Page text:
Language boundaries, Exogamy, Linguistic Exogamy, Endogamy, Descent, Ethnicity, Upper Rio Negro, Northwest Amazon, Tukanoan, Arawakan, Naduhup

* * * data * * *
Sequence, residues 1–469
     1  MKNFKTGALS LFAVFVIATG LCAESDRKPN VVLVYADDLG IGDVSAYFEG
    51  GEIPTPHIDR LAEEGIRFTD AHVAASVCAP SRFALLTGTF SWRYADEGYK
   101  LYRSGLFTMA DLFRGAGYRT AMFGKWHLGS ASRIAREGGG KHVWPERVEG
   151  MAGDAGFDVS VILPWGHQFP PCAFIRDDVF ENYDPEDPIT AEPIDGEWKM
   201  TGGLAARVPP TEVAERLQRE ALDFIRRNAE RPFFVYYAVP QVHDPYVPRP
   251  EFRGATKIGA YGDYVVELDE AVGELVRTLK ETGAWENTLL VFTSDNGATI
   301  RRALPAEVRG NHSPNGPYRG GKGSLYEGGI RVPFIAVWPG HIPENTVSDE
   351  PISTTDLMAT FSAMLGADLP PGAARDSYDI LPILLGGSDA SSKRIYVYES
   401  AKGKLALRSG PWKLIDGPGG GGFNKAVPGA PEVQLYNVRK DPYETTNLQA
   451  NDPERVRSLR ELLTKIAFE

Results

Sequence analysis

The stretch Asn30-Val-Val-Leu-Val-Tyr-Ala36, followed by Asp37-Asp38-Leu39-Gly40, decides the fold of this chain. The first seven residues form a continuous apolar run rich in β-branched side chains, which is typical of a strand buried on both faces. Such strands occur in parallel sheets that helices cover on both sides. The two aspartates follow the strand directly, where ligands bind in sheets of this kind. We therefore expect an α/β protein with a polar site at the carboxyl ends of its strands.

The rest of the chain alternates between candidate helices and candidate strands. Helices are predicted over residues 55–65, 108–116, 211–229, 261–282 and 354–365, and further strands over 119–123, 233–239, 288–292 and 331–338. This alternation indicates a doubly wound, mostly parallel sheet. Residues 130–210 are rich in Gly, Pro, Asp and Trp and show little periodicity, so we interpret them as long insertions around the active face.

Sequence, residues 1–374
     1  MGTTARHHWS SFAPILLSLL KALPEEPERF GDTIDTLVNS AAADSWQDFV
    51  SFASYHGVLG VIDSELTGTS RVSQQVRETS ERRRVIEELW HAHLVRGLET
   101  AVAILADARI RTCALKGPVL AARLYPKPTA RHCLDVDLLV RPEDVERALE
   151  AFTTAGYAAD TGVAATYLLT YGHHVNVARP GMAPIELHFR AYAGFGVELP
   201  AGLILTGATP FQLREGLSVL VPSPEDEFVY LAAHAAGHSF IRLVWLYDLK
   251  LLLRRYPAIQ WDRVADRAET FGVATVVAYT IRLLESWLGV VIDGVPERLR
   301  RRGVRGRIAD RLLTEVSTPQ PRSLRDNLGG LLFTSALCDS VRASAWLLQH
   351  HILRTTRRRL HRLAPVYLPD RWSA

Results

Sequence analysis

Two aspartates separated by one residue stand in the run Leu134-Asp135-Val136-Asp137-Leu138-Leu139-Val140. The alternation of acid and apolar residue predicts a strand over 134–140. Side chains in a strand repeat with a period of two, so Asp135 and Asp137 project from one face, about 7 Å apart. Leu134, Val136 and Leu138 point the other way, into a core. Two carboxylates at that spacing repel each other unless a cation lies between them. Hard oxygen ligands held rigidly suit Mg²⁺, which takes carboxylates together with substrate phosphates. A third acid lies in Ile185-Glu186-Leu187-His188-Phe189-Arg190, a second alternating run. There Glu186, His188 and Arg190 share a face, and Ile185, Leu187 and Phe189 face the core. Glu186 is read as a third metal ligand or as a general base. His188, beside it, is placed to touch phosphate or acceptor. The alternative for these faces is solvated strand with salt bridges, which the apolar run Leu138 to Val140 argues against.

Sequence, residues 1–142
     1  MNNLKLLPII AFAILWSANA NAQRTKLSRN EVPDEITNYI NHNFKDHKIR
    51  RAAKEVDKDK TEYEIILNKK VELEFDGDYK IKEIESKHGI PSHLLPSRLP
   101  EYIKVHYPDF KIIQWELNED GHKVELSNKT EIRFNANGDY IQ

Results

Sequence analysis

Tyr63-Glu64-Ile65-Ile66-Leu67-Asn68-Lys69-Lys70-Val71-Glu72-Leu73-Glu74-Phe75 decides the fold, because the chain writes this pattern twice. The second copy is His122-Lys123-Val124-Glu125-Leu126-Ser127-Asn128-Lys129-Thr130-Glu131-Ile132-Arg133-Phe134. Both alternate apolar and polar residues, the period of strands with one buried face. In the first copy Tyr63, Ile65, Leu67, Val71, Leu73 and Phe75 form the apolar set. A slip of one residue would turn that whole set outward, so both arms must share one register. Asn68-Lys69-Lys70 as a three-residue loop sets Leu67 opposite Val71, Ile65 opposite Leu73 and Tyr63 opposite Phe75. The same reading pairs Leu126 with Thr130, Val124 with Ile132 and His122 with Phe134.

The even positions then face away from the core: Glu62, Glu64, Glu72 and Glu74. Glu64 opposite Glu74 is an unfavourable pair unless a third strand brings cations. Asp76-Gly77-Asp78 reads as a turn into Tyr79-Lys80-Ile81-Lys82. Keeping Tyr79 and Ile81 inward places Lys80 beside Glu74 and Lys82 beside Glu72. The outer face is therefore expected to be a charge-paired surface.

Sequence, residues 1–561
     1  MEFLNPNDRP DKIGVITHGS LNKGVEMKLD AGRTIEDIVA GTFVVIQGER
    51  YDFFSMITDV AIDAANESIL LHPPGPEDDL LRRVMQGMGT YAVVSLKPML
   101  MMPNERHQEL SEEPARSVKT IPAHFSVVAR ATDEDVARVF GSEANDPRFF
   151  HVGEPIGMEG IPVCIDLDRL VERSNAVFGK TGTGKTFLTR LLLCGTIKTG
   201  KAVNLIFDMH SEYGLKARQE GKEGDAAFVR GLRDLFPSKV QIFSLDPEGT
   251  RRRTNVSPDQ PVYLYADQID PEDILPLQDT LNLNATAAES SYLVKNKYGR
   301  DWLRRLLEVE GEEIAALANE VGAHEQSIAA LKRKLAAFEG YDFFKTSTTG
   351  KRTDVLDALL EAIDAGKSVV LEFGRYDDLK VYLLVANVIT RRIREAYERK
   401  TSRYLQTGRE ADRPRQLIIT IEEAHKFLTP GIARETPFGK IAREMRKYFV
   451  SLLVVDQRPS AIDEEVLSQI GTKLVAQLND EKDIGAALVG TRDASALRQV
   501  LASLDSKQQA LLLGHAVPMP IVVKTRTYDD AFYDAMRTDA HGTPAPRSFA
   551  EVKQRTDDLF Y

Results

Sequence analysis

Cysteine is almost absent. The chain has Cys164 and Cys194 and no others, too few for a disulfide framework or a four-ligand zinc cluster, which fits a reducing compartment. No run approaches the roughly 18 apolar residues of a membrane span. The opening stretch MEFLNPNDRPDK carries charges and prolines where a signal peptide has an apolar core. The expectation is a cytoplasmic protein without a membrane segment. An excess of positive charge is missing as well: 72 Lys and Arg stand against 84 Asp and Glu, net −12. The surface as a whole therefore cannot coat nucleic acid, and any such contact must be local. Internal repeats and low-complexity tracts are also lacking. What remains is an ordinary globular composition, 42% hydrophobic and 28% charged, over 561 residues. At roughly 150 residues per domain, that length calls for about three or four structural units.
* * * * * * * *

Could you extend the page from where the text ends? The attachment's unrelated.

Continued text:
In this article we explore how languages interact with exogamous social units (e.g., clans and phratries) and descent ideologies (such as having a common mythical ancestor and emergence from the same mythical place) to help organize the multilingual and interethnic societies from the Upper Rio Negro region (URN) in the Amazon. We show that the expected alignment of language boundary, exogamous group and descent group is actually quite unusual. Complex social structures involving the aggregation of clans into larger ethnic groups or marriage alliances with other clans have important variations in the alignment of language, exogamy, and descent ideology. Existing alignments follow, in fact, a parametric variation that shed light on different contexts of multilingualism and interethnic relations. Given that language is one among many possible ethnic markers, and that no single ethnic marker is either necessary or sufficient to demarcate exogamous groups at any level of the system, we uncover the function of languages in URN societies in ambivalent processes that creating sameness and otherness within and across social units defined by affinity or common descent. This fluid and dynamic use of languages is grounded in social structure and interethnic relations, while simultaneously serving as a means to reinforce and change social and cultural relations.